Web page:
By Doina Chiacu and Valerie Volcovici
WASHINGTON (Reuters) – The new head of the Environmental Protection Agency said Thursday he is not convinced that carbon dioxide from human activity is the main driver of climate change and said he wants Congress to assess whether CO2 is a harmful pollutant that should be regulated.
In an interview with CNBC, EPA Administrator Scott Pruitt said the Trump administration will make an announcement on fuel efficiency standards for automobiles “very soon,” emphasizing that he and President Donald Trump believe the standards current ones were quickly approved.
Pruitt, 48, is a climate change denier who has sued the agency he now runs more than a dozen times as Oklahoma’s attorney general. He said he was not convinced that carbon dioxide pollution from burning fossil fuels like oil, gas and coal is the main cause of climate change, a conclusion widely embraced by scientists.
“I think accurately measuring human activity in climate is a very difficult thing to do and there is tremendous disagreement on the degree of impact,” he told CNBC.
“So no, I would not agree that it is a major contributor to the global warming that we see,” Pruitt said. “But we don’t know yet, we have to continue debating, continue review and analysis.”
Trump campaigned on a promise to roll back environmental regulations introduced by former President Barack Obama, including those aimed at combating climate change. He framed his stance as aimed at boosting American businesses, including the oil and gas extraction and coal mining industries.
“We can support growth, jobs and the environment,” Pruitt said Wednesday afternoon in a speech in Houston at CERAWeek, the world’s largest gathering of energy executives.
Scientists immediately criticized Pruitt’s statement, saying it ignores a large body of evidence collected over decades showing that the burning of fossil fuels is the main driver of climate change.
“We cannot afford to reject this clear and compelling scientific evidence when we make public policy. Embracing ignorance is not an option,” said Ben Santer, a climate researcher at the Lawrence Livermore National Laboratory, in a statement.
The Supreme Court unleashed a regulatory and litigation fury when it ruled in 2007 that greenhouse gases are an air pollutant that can be regulated under the Clean Air Act. Two years later, the EPA declared that carbon dioxide and five other heat-trapping gases are pollutants.
Pruitt said the Supreme Court decision should not have been seen as permission for the EPA to regulate carbon dioxide emissions.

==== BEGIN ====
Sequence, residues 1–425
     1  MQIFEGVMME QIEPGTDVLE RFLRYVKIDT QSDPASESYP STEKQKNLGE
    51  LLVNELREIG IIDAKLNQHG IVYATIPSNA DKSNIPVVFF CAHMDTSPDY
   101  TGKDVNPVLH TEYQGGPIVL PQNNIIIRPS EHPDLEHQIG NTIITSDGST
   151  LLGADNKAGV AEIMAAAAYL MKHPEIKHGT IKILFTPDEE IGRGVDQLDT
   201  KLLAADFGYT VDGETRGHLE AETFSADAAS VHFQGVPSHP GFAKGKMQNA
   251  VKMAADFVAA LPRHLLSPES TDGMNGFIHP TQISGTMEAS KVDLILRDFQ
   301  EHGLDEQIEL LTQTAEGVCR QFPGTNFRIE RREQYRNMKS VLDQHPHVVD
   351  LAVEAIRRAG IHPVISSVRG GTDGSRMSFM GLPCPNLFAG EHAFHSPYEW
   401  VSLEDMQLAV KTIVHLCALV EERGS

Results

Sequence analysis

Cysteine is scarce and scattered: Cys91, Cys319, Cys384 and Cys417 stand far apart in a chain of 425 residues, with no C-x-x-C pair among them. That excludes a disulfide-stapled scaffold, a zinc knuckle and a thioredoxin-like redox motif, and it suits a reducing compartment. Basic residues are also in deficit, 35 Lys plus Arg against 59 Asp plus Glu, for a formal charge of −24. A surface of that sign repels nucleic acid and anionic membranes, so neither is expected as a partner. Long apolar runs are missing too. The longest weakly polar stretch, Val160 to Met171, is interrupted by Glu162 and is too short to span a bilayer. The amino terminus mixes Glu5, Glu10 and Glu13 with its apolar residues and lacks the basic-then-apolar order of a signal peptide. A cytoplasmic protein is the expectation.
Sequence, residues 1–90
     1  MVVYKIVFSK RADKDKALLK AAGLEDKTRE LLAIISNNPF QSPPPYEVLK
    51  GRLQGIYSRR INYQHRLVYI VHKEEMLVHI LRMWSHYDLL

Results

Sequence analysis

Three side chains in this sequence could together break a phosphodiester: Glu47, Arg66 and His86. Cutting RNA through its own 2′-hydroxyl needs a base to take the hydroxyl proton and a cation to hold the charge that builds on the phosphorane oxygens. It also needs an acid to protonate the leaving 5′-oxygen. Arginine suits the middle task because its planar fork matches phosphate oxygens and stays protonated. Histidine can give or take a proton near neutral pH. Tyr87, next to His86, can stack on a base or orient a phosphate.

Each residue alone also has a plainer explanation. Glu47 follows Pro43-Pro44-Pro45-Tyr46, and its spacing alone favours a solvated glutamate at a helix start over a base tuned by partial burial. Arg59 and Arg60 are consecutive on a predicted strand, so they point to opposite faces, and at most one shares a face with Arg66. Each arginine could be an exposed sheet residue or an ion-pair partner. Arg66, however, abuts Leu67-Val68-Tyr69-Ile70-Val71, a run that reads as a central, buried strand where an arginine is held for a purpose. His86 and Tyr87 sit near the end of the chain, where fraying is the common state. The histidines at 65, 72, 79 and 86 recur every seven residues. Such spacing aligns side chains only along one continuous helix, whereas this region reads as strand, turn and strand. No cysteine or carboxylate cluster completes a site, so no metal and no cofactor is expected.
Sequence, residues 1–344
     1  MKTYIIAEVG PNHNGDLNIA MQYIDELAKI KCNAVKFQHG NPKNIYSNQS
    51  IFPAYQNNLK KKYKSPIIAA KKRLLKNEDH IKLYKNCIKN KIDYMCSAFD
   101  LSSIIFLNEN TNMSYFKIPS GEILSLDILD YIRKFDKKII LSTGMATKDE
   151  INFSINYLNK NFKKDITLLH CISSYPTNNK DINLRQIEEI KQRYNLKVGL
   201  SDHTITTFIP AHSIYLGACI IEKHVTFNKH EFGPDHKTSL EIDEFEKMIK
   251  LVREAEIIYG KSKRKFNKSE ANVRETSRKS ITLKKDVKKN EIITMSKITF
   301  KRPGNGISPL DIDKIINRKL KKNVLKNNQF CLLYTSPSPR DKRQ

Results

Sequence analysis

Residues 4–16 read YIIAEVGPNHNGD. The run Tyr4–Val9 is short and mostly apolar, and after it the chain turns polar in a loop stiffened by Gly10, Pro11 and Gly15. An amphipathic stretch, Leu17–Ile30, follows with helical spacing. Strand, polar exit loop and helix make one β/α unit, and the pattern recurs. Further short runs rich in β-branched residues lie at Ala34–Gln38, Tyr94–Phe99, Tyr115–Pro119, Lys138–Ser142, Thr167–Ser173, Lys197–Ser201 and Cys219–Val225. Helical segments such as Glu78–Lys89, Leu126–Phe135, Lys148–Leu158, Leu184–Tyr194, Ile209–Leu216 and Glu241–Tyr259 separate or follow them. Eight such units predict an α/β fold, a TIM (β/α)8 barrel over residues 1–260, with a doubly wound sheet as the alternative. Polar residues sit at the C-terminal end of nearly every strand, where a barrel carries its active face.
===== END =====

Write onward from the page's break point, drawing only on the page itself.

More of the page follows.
“Decisions were made at the executive branch level that did not respect the rule of law,” Pruitt said in his speech in Houston.
Pruitt has previously said that the EPA should not regulate CO2 without a law passed by Congress authorizing it to do so. The Republican-controlled Congress could potentially send a strong signal to the EPA that carbon dioxide should not be regulated by the agency, a move that would undermine many Obama-era rules aimed at curbing emissions.
“Administrator Pruitt is right, Congress has never explicitly given EPA the authority to regulate carbon dioxide as a pollutant and the committee has no plans to do so,” said Mike Danylak, spokesman for the Public Works and Environment Committee. Senate, the panel that oversees the EPA.
When asked at his confirmation hearing in January whether he would support the EPA’s hazard determination, Pruitt said it was the “law of the land” and that he was bound by it for now.
Pruitt declined to respond to a question from a reporter after his Houston speech about whether he would now seek to overturn the hazard finding.
As Oklahoma’s attorney general, Pruitt and a dozen other attorneys general unsuccessfully challenged the hazard determination in federal appeals court.
“He removed his mask. After hiding his true views during Senate confirmation hearings, Scott Pruitt has declared himself a pure climate denier,” said David Doniger, director of the Defense Council’s climate program. of Natural Resources.
The new head of the EPA said he was committed to ensuring thorough processes for environmental rules and regulations to reduce “regulatory uncertainty.”
Pruitt added that he shared Trump’s view that the global climate accord agreed to by nearly 200 countries in Paris in 2015 was “bad business.” Trump vowed during his campaign for the White House to pull the United States out of the deal, but since then he has been mostly quiet on the issue.